Node.js– A chat server written in Node and a client app written in C#

A new twist to a boring Chat application

Most demos on Node.js illustrate how to create a chat server, but rarely provide the client side of the chat service.

That is what this post is about – creating both the server and client side of the equation.

Server Node.js Javascript
Client .NET C#

Node.js – Chat Application – Server Side

This is your traditional Node.js chat application. I’ve commented it pretty heavily. Note the following:

Create a TCP socket listener var s = net.Server(function(socket)....
Saving the socket connection so we can send message back to the client sockets.push(socket)....
An event that represents a client sending a text msg to server. 'data' represents the event and msg_sent is the data sent by chat client application. socket.on('data', function(msg_sent) {....
Don't echo back the message to the sender if(sockets[i] == socket) continue;
Write message back to listeners (except original sender) sockets[i].write(msg_sent);
An event when a client disconnects. We need to remove dead sockets from our array. socket.on('end', function() {
Listening on http://localhost:8000 s.listen(8000);

Filename = lamechat.js

 net = require('net')// Supports multiple client chat application// Keep a pool of sockets ready for everyone// Avoid dead sockets by responding to the 'end' eventvar sockets = [];// Create a TCP socket listenervar s = net.Server(function (socket) {    // Add the new client socket connection to the array of    // sockets    sockets.push(socket);    // 'data' is an event that means that a message was just sent by the     // client application    socket.on('data', function (msg_sent) {        // Loop through all of our sockets and send the data        for (var i = 0; i < sockets.length; i++) {            // Don't send the data back to the original sender            if (sockets[i] == socket) // don't send the message to yourself                continue;            // Write the msg sent by chat client            sockets[i].write(msg_sent);        }    });    // Use splice to get rid of the socket that is ending.    // The 'end' event means tcp client has disconnected.    socket.on('end', function () {        var i = sockets.indexOf(socket);        sockets.splice(i, 1);    });});s.listen(8000);console.log('System waiting at http://localhost:8000');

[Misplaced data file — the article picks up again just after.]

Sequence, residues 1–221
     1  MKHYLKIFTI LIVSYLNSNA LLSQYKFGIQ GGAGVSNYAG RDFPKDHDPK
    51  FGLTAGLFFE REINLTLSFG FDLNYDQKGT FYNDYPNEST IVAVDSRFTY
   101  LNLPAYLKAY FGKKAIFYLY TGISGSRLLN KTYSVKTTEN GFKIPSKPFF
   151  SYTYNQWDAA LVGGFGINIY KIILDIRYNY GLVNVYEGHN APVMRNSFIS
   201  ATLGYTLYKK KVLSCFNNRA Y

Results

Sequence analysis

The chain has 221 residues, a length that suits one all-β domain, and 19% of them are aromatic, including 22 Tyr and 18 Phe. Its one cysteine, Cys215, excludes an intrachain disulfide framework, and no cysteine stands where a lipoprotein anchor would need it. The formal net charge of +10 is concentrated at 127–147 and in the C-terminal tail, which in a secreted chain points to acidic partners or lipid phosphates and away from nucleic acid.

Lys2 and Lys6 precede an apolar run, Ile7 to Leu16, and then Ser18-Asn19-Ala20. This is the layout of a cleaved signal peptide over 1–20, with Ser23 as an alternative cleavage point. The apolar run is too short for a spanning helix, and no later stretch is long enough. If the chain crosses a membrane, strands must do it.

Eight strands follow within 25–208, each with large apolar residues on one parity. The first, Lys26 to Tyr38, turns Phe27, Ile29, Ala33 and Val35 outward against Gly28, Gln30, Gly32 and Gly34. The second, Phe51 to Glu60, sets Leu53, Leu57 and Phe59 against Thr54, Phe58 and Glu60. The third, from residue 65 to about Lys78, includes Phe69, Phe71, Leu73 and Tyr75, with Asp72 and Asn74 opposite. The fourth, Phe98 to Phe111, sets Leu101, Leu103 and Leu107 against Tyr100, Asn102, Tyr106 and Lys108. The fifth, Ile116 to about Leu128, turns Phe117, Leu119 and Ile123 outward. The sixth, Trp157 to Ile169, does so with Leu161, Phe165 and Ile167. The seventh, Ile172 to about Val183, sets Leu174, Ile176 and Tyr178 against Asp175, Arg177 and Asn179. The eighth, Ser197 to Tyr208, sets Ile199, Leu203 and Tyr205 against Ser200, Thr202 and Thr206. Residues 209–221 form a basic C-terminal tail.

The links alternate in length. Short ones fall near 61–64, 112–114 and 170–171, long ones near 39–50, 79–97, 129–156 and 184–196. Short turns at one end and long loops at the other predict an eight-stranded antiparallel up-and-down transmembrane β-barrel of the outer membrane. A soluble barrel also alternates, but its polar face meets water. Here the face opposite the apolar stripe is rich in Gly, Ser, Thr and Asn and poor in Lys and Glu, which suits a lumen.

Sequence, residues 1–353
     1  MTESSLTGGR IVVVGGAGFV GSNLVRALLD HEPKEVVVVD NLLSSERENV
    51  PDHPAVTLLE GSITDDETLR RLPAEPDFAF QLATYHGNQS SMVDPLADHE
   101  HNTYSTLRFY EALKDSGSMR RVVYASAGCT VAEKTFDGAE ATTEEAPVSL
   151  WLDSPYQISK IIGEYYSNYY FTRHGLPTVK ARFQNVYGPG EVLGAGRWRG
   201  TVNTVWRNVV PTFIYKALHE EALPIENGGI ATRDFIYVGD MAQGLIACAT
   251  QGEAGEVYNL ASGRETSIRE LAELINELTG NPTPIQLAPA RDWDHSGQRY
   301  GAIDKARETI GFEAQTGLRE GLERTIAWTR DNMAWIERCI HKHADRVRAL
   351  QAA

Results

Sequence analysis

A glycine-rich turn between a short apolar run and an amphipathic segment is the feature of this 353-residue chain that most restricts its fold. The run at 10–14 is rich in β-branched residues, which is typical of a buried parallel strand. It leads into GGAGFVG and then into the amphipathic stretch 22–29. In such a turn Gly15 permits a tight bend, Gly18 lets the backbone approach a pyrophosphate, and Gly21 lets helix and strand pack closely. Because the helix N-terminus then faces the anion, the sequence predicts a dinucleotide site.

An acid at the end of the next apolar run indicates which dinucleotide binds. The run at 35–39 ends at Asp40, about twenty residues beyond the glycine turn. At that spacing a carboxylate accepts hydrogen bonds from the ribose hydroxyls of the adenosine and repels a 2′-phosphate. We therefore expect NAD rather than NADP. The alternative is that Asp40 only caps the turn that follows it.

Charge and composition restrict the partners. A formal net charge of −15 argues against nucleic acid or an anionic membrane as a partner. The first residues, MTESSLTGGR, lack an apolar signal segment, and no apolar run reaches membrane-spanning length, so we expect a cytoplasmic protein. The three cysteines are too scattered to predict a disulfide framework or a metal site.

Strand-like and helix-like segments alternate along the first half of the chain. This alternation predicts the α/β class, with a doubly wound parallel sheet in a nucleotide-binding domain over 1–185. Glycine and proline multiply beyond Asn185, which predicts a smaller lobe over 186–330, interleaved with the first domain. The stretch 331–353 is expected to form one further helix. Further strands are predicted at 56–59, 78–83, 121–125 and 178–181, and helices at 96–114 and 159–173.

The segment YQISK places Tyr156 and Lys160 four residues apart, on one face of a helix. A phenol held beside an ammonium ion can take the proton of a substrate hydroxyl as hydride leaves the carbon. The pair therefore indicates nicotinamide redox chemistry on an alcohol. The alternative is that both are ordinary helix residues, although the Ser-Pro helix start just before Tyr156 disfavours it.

Creating Chat Applications in .NET and C#

This next section will demonstrate the building of a chat client for the Node.js server.

Create a new Visual Studio Project


Project type = Windows Presentation Foundation Application


Editing MainWindow.xaml

Right mouse click on MainWindow.xaml


Where to add the various controls

We are adding textboxes, command buttons.


The graphical interface – MainWindow.xaml

MainWindow.xaml is where we define our user interface. We have 3 text boxes and 2 buttons.

txtChatName Allows you to login with an id
txtConversation Where the conversation between chat clients can be seen
txtOutMsg The text message a given chat client wants to send to others
cmdConnect Allows you to login and connect using txtChatName
cmdSendMessage Sends your text message that was typed into txtOutMsg

Filename = MainWindow.xaml

 <Window  x:Class="NodeJsChatClient.MainWindow"  xmlns=""  xmlns:x=""  Title="Chat Client"  Height="350"  Width="525">    <Grid>
        <Button      Content="Connect"      Height="29"      HorizontalAlignment="Left"      Margin="12,12,0,0"      Name="cmdConnect"      VerticalAlignment="Top"      Width="144"      Click="cmdConnect_Click"/>        
       <TextBox      AcceptsReturn="True"      Margin="14,51,12,93"      Name="txtConversation"      Text=""      TextWrapping="Wrap"      VerticalScrollBarVisibility="Visible"/>        
       <TextBox      Height="33"      HorizontalAlignment="Left"      Margin="182,12,0,0"      Name="txtChatName"      VerticalAlignment="Top"      Width="148"      Text="Bruno"/>
               <TextBox      Height="36"      HorizontalAlignment="Left"      Margin="14,229,0,0"      Name="txtOutMsg"      VerticalAlignment="Top"      Width="477"/>
               <Button      Content="Send Message"      Height="28"      HorizontalAlignment="Left"      Margin="12,271,0,0"      Name="cmdSendMessage"      VerticalAlignment="Top"      Width="479"      Click="cmdSendMessage_Click"/>        

What the finished interface looks like

All the controls have been added.


The code behind – C# – chat client application logic

The next section is about writing the client code that connects, sends, and receives text/chat messages.

Proper Using Statements

“using” statements are needed to minimize typing in large amounts of code.